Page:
A new Thief game might be in development

In what I would have to call the unexpected rumor of the day, and perhaps the year, it's come to light that a new Thief game may be in development. Interestingly, word of the new game came not from Eidos Montreal or Square Enix, but from the website of production company Straight Up Films, which is working on the movie that was announced last year

"Thief is an action epic poised to be the next great multi-platform franchise," the site says. "Originally released in 1998 by Eidos Interactive (Deus Ex) and distributed by Square Enix (Tomb Raider, Final Fantasy), the Thief series has spanned over fifteen years and four sequels continually retaining loyal audiences and attracting new fans with each iteration. Widely considered to be one of the greatest games ever created, a fifth sequel is currently in development to be released in step with this motion picture adaptation." 

I'm a big Thief fan from way back, and I wholeheartedly agree that the first two games are among the finest stealth experiences ever created. (The third wasn't bad, either.) Even so, Straight Up's description is a huge oversell: As good as it was, the Thief series has never achieved more than cult status. It's no coincidence that two out of three Thief studios—Looking Glass and Ion Storm Austin—went under shortly after releasing them, right? 

Personally, I would love to dig into a new Thief, but only under very specific circumstances, namely that it brings back Garrett and picks up at the end of Thief 2: The Metal Age. That's obviously not going to happen, but dare to dream. Speaking of which, in response to mny inquiry, a Square Enix rep said only, "We don't have anything to announce at this time."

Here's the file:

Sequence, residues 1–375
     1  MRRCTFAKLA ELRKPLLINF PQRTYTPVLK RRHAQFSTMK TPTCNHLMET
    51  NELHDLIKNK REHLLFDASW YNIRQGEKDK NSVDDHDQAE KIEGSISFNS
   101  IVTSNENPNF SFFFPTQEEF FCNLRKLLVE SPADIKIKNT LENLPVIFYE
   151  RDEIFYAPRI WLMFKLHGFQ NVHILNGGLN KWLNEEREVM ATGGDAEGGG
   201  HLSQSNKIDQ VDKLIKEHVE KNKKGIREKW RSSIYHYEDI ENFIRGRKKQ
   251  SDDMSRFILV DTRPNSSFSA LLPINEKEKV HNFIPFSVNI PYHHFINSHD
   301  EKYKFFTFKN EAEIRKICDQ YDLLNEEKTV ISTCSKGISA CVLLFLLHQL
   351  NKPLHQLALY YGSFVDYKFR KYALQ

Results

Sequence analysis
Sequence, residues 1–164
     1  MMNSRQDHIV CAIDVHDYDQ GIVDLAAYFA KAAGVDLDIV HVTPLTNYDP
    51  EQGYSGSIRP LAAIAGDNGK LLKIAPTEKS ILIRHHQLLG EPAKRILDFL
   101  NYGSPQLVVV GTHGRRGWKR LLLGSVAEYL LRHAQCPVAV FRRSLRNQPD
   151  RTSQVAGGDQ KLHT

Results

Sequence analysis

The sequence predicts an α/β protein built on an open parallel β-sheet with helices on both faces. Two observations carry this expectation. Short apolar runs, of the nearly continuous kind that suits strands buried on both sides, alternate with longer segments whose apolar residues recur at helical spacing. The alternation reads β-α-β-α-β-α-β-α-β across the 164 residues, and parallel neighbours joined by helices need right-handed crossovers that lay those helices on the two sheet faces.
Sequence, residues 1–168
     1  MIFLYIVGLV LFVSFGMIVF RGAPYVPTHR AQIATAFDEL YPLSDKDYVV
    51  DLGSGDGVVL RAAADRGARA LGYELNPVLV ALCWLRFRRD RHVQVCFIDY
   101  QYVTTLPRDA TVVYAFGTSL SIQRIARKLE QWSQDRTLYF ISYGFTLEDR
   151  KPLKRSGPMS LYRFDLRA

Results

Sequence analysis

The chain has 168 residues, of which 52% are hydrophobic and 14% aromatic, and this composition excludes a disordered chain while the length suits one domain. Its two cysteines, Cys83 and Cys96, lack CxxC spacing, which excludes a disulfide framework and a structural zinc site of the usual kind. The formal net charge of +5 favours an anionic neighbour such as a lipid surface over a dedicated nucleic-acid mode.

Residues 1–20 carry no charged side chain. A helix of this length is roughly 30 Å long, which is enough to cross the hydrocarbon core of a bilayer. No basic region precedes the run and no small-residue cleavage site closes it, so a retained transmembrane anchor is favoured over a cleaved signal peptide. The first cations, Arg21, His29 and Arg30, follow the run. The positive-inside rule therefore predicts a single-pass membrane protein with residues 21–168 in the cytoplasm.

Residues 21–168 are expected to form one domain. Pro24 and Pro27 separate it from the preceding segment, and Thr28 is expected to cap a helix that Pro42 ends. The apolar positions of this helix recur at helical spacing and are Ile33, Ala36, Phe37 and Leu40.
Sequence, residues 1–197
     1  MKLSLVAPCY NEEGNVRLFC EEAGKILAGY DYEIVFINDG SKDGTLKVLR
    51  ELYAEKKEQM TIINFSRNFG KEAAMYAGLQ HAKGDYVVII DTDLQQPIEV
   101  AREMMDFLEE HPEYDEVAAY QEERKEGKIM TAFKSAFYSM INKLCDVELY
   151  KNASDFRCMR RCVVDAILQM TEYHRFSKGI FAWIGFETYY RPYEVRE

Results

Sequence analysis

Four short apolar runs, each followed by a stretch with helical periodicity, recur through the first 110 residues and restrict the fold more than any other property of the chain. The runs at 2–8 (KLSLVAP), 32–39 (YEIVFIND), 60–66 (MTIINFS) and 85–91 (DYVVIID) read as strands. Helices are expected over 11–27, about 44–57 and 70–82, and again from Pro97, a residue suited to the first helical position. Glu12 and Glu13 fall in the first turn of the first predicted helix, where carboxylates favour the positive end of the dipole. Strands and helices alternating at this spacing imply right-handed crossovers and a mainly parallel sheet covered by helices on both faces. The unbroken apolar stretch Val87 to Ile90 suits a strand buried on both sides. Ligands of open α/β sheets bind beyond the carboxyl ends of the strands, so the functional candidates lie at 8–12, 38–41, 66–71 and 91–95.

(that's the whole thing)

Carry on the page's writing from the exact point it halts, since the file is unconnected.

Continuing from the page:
Thanks, Polygon.

Andy Chalk

Andy has been gaming on PCs from the very beginning, starting as a youngster with text adventures and primitive action games on a cassette-based TRS80. From there he graduated to the glory days of Sierra Online adventures and Microprose sims, ran a local BBS, learned how to build PCs, and developed a longstanding love of RPGs, immersive sims, and shooters. He began writing videogame news in 2007 for The Escapist and somehow managed to avoid getting fired until 2014, when he joined the storied ranks of PC Gamer. He covers all aspects of the industry, from new game announcements and patch notes to legal disputes, Twitch beefs, esports, and Henry Cavill. Lots of Henry Cavill.